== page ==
Heirs According to the Covenant
September 1996

“Heirs According to the Covenant,” Liahona, Sept. 1996, 25

Visiting Teaching Message:

Heirs According to the Covenant

“Blessed are you for receiving mine everlasting covenant, even the fulness of my gospel” (D&C 66:2).

Bonnie D. Parkin, second counselor in the Young Women General Presidency, observed that Heavenly Father blesses each of us personally. She knows this, “because Heavenly Father has reached His tender hand from the heavens to hold and help me. … Because I have made promises and covenants that have transformed my life as I’ve kept them” (Ensign, May 1995, page 78).

A covenant is a two-way promise between God and us. He initiates the covenant, sets its terms, promises to bless us (see D&C 82:10; D&C 98:3; D&C 130:20–21), and administers the covenant through His appointed priesthood. We promise to keep the covenant. As we do, the blessings we receive—and the effort we expend—not only further the Lord’s work, but also help us become more like our Father in Heaven.

Becoming Heirs of God

Through making covenants, usually signified by an ordinance, we enter into a sacred relationship with Deity. For example, by being baptized and receiving the gift of the Holy Ghost, we are considered “the children of Christ” (see Moses 6:64–68; Mosiah 5:7). As such, we become “heirs of God, and joint-heirs with Christ” (Rom. 8:17). Receiving the sacrament reminds us of this covenant, invites us to remember Jesus, and promises that the Holy Ghost will be with us if we do. The temple ordinances allow us to make further covenants that help us mature spiritually and prepare us for exaltation in the celestial kingdom.

“Rejoice, and Cleave unto the Covenants”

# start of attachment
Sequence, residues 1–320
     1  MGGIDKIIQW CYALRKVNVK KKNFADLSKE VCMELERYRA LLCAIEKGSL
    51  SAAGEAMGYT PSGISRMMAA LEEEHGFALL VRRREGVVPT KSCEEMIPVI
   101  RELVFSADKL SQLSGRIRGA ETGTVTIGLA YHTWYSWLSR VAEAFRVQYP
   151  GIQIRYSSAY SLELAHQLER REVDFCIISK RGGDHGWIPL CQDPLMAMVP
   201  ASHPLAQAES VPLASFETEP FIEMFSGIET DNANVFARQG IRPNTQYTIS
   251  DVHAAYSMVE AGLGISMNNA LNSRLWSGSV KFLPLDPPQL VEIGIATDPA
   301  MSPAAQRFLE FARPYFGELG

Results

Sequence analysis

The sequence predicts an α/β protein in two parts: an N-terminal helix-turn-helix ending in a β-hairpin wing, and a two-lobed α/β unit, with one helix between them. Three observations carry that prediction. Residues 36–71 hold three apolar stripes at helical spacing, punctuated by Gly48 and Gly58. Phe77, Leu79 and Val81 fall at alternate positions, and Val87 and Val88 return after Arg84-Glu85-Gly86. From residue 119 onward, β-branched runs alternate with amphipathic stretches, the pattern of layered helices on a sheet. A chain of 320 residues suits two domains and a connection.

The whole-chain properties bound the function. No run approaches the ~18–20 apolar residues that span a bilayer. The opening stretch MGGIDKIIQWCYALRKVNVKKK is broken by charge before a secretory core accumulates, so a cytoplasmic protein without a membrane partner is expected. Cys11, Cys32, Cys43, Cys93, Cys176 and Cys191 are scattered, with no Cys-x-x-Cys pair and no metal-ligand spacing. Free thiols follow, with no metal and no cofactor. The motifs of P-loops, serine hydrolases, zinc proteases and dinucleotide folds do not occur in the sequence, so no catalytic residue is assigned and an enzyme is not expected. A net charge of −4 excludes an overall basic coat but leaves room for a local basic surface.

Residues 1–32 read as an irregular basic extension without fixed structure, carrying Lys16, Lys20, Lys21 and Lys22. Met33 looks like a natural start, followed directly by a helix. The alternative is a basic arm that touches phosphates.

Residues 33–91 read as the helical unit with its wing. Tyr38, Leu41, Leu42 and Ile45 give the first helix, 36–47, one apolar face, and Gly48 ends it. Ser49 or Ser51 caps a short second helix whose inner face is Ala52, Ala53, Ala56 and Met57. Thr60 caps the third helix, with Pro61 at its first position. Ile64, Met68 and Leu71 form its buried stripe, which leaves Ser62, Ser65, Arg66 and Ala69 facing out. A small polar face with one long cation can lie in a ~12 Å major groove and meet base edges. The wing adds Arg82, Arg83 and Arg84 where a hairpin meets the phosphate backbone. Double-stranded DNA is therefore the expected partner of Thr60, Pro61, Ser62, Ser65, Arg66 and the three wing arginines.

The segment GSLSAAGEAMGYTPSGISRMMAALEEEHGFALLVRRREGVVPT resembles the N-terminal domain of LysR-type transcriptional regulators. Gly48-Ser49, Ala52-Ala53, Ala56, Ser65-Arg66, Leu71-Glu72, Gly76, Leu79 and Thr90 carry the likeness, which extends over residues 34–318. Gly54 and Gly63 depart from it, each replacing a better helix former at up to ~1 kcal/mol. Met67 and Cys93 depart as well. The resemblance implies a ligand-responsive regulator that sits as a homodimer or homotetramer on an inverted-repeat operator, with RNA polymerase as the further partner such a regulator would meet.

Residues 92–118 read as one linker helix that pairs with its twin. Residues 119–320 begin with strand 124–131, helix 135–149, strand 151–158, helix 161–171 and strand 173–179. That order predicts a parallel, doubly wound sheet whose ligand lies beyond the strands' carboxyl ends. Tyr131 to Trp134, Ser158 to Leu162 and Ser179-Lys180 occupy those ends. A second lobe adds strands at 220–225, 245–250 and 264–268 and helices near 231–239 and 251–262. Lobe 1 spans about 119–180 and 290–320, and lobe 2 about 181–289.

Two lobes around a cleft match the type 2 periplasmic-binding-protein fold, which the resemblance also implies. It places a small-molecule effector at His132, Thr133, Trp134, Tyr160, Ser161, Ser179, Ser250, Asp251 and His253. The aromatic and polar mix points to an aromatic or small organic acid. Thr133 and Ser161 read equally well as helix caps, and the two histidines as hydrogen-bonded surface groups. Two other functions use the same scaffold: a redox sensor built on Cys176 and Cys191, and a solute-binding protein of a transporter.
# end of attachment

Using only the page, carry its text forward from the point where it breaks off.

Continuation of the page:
Having entered into covenants with God, we become emissaries of the gospel to all of Heavenly Father’s children. There are many ways we do this. Primary among them is missionary and family history work, along with striving to perfect ourselves and our families through means provided by the Lord. Our great calling is to come unto Christ and to help others do the same. Often that is done simply by being where we should be, doing what we have covenanted to do.

Rosemary Curtis Neider recalls a time, towards the end of a busy month, when her visiting teaching wasn’t done. She was tempted to just make telephone calls, but was prompted to make the visits instead. Sitting in the home of one less-active sister, Sister Neider was impressed to read to her about the visit of the Savior to the Nephites. “She concentrated longer than I had ever expected,” Sister Neider said, “and she kept saying, ‘Here, now, put a piece of paper in that page so I can find it again later. Oh, put one there, too.’

“What can I say? I felt the Spirit strongly in her home, and my complex, hurried schedule didn’t matter anymore. I felt gratitude and an increase of strength for many days afterward” (in To Rejoice As Women: Talks from the 1994 Women’s Conference, Salt Lake City: Deseret Book Company, 1995, pages 67–68).

As women of covenant, we have every reason to “rejoice, and cleave unto the covenants which [we have] made.” For as we keep our covenants, we are promised “a crown of righteousness” (D&C 25:13–16).

  • Why is it important to make and keep covenants?

  • What are some covenants that have brought joy to your life?

Illustrated by David Linn